13. A property owner uses land for the commercial breeding and raising of catfish. The operation includes a series of large fish tanks (man-made ponds) where the different sized fish are kept. Does any or all of this tract qualify for special appraisal?
  14. A farmer owns many acres of land upon which grow Christmas trees. The entire tract is devoted to raising the trees to be sold each year for profit. Does the tract qualify?
  15. A farmer grows many acres of Saint Augustine and other lawn grasses that are cut and sold as sod. Does the sod farm qualify for agricultural appraisal?
  16. A small tract is used to board horses used by their owners for pleasure riding and show competition. The land has a riding ring, and the remaining land is available for pleasure riding. The property owner does not graze the horses on the land. May the land qualify for a special use appraisal?
  17. A property owner has a large tract containing a large herd of axis deer. The deer are enclosed by a security fence more than six feet tall. At scheduled times throughout the year, young deer are harvested. The meat and hides are sold to commercial dealers for human use and consumption. The property owner permits recreational hunting when the herd size becomes unmanageable. Does the tract qualify for special use appraisal?
  18. Thoroughbred horses are bred and raised on a 500-acre tract of land. The horses graze on 450 acres; 40 acres are used to raise grain to feed the horses; and a stable where the horses and supplies related to them are kept occupies five acres. Another five acres are set aside for training the horses to race and includes a running track. The land is primarily used to breed and raise horses and is used to the degree of intensity typical for the area. May all or part of the land qualify for special use appraisal?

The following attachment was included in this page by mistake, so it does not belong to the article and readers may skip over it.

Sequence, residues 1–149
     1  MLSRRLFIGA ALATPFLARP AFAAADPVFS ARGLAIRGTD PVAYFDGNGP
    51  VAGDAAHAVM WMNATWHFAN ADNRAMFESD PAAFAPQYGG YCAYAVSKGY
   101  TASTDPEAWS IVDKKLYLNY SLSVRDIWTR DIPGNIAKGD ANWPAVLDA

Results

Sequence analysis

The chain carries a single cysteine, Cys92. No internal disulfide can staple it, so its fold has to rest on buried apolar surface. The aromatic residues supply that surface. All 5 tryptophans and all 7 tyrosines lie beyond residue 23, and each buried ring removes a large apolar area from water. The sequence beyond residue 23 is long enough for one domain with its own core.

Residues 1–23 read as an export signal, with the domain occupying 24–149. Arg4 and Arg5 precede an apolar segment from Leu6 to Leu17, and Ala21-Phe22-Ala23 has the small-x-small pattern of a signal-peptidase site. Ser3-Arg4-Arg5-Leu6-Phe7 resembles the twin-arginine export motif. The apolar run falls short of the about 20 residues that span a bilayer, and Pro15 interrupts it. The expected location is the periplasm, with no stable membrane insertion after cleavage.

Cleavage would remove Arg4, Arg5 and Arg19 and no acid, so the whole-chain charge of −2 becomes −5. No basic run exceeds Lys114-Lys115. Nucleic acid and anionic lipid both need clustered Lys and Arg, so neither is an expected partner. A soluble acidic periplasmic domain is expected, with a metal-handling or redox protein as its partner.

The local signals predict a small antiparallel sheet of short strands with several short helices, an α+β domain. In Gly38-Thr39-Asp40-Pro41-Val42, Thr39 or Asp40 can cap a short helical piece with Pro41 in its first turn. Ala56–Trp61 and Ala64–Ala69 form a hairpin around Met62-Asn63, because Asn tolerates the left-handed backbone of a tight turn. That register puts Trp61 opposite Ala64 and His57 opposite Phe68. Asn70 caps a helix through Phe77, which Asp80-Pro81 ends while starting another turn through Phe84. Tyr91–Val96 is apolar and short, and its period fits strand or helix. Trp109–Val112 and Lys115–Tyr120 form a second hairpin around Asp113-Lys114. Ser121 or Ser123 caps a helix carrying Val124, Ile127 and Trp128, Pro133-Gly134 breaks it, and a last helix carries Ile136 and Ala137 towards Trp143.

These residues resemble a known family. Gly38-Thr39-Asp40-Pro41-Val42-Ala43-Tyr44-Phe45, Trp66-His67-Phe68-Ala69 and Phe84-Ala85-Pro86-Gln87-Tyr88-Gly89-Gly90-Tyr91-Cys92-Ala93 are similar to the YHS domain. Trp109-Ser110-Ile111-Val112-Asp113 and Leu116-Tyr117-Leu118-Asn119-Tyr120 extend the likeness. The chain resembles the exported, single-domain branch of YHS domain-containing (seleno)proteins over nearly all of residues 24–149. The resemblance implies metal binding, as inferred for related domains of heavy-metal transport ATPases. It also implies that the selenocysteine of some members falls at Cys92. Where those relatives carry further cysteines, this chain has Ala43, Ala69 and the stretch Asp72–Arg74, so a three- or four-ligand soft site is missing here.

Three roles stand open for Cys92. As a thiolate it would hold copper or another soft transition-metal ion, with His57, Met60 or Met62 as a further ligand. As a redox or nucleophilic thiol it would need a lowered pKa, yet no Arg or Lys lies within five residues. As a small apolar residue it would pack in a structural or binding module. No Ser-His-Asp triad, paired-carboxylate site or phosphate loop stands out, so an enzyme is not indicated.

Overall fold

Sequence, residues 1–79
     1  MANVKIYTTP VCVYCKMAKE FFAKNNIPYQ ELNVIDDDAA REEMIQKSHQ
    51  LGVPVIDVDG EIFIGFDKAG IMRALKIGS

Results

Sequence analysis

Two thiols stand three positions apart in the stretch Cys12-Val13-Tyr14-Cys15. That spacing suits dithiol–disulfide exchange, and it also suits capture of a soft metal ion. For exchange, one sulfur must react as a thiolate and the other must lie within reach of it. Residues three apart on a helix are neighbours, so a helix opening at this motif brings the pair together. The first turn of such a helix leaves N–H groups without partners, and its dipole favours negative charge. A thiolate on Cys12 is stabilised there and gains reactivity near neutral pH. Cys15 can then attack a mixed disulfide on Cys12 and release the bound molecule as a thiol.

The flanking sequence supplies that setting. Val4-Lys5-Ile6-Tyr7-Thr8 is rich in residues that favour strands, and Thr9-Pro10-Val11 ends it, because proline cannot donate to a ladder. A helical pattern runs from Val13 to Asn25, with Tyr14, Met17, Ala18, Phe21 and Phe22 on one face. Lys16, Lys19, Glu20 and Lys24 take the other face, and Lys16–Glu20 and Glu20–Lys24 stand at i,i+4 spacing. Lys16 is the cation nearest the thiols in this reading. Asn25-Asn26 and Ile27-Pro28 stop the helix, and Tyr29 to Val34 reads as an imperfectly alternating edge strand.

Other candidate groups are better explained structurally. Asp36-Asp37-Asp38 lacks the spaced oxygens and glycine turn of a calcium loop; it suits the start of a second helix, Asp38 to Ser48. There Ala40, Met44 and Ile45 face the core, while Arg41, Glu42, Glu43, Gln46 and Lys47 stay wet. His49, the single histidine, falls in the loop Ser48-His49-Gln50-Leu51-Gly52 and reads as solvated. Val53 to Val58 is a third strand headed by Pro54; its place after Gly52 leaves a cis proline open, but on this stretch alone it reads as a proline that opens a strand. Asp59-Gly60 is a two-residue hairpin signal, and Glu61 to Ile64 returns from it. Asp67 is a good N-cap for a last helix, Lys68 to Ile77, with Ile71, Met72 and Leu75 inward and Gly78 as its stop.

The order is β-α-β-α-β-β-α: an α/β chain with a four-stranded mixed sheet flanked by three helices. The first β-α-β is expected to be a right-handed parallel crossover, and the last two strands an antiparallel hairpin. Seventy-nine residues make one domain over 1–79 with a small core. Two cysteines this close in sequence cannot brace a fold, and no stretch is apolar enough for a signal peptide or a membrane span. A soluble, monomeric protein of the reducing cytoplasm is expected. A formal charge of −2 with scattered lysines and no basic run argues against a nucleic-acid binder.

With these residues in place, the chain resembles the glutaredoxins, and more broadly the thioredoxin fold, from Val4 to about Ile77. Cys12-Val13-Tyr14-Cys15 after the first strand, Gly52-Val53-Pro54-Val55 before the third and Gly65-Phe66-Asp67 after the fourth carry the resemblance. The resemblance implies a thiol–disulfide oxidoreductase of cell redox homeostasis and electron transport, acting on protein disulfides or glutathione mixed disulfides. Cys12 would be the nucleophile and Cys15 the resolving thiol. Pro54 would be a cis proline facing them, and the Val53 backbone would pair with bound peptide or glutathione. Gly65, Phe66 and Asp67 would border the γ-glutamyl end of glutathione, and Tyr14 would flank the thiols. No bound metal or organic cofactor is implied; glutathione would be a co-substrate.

19. A rancher grazes cattle over a large tract and devotes the majority of time and resources to raising cattle and growing feed for them. During part of the year, the property is leased for hunting wild game and game birds. Although the rancher principally devotes the land to cattle ranching, the income from the hunting leases is substantially greater than the income from cattle ranching. Does the tract qualify for agricultural appraisal?
Contact Information
(936) 756-3354
PO Box 2233
Conroe, TX 77305
Monday - Friday
8:00 a.m. - 5:00 p.m.
Chief Appraiser
Tony Belinoski
2021 Low Income Cap Rate

Pursuant to Sec. 11.1825(r) of the Texas Property Tax Code, The Montgomery County Appraisal District gives public notice of the capitalization rate to be used for the 2021 Tax Year to value properties receiving exemptions under this section. Rent restricted properties vary widely. These variations can have an effect on the valuation of the property. A basic capitalization rate of 10.0% will be used to value these properties; although adjustments may be made on the individual property characteristics and the information provided to the chief appraiser as required under Sections 11.182(d) and (g) of the Property Tax Code.